The important and overarching issue for Bobby Johnson's team--and it always will be so unless or until it is definitively addressed--is that it must change the culture that has pervaded Vandy football for so long. The extremely close losses to Alabama and Arkansas were nothing other than failures of nerve. In games where the Dores battled gamely and competed on very even terms with their opposition, victory was lost for no other reason than the simple fact that Vandy--perpetuating a pattern witnessed in every year after 1982--could not make enough big plays in key situations. VU football teams under several coaches--with Johnson being the latest one--have repeatedly made modest plays in non-critical situations, and quality plays in semi-critical situations, but rarely huge plays in game-defining situations. Pure talent--which the Dores have much more of this year--is not the issue; the issue is about bringing that talent to bear when a game's outcome hangs in the balance. That is the goal for Bobby Johnson and Vanderbilt's program: changing the culture so that VU can rise--and opposing teams can fall--when all the cards are on the table and victory is waiting to be claimed.
With all this in mind, then, the signs can't be terribly encouraging in the wake of the 29-point win over a Temple team that lost by more than twice as much in previous games against Louisville and Minnesota.
Yes, one could acknowledge that Vanderbilt might have soft-pedaled things just a bit against a severely overwhelmed and outmanned opponent. But one must counter by saying that a program with Vandy's particular subculture hasn't earned the benefit of the doubt when it treads lightly upon a grossly inferior opponent. Good programs will trample Temple by 40, 50 or 60 points, and while Bobby Johnson certainly got extra work in for a lot of players on the roster--a legitimate need before the teeth of the SEC schedule still to come--it remains that a team with a better internal subculture would display the kind of killer instinct that would decimate Temple on the scoreboard. The 280 rushing yards was extremely impressive, a sign that Vanderbilt brought the hard hats to the Owls for much of the evening. But the allowance of 14 points, combined with an ineffective passing game, has to concern Coach Johnson before the road trip to Oxford to face Ole Miss next week. One small lapse against Brent Schaeffer could produce more 78-yard touchdown plays like the one Tim Brown of Temple (no, not the Notre Dame and Oakland Raider star) popped off in Nashville on Saturday night.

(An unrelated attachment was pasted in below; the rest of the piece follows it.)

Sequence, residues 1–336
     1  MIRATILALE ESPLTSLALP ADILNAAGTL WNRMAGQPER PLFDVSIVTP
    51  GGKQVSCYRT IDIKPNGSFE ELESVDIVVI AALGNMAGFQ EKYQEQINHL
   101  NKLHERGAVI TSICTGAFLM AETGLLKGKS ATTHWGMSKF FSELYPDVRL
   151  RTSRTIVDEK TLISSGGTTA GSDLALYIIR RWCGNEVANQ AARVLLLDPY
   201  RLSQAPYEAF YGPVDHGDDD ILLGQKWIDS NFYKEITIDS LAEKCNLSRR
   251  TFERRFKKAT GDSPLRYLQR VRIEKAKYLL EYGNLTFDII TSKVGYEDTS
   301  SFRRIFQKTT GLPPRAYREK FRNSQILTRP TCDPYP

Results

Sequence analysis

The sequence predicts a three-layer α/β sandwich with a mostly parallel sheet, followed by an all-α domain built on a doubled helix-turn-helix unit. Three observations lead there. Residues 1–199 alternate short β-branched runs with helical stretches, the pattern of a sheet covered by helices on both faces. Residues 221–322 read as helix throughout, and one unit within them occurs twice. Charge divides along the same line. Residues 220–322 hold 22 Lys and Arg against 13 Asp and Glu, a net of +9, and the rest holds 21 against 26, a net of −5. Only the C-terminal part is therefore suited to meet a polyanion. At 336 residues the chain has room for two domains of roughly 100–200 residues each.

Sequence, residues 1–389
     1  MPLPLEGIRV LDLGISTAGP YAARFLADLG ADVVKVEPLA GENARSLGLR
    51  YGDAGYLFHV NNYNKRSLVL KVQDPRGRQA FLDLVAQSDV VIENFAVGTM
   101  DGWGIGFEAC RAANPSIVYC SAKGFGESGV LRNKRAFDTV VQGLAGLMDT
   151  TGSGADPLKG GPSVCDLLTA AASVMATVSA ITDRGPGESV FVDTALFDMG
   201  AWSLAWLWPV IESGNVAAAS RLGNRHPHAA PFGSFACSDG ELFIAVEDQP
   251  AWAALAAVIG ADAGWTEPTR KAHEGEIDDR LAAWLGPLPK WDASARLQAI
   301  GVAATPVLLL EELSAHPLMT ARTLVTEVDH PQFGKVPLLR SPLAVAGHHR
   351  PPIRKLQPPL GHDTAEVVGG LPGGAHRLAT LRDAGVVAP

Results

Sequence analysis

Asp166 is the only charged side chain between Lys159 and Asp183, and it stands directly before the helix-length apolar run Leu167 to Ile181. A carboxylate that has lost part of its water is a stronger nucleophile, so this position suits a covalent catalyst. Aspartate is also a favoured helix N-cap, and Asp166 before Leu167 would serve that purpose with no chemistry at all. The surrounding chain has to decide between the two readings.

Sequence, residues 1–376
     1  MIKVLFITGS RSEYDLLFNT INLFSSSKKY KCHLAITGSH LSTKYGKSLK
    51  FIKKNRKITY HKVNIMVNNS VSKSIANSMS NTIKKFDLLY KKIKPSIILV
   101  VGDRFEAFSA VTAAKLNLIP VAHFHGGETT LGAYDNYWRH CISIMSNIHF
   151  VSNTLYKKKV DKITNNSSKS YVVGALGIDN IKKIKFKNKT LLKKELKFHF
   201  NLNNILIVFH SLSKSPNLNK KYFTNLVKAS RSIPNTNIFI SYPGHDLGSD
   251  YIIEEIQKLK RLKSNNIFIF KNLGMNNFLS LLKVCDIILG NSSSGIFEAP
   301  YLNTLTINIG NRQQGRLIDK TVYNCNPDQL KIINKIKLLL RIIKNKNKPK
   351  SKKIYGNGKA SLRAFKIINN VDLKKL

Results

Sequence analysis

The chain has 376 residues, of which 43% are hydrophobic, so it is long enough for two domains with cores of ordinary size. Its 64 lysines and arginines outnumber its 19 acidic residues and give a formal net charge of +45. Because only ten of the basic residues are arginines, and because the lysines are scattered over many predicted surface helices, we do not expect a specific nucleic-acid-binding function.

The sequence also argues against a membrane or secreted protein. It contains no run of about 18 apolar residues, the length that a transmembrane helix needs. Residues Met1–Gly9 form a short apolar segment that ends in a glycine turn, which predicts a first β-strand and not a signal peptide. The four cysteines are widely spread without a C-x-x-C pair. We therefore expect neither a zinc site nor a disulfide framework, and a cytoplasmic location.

You get the point. A 29-point win is a 29-point win, so there shouldn't be grumbling in the Commodore locker room. But just the same, this team has a long way to go in the attempt to finally change and overturn the current culture of Vanderbilt football. This Temple game will have meaning if it awakens the Dores and drives them to play in a more ruthless and unrelenting manner. If VU wins at the Grove next Saturday, this breather on the Commodores' 2006 schedule will ultimately prove to be beneficial. Bobby Johnson can only hope so.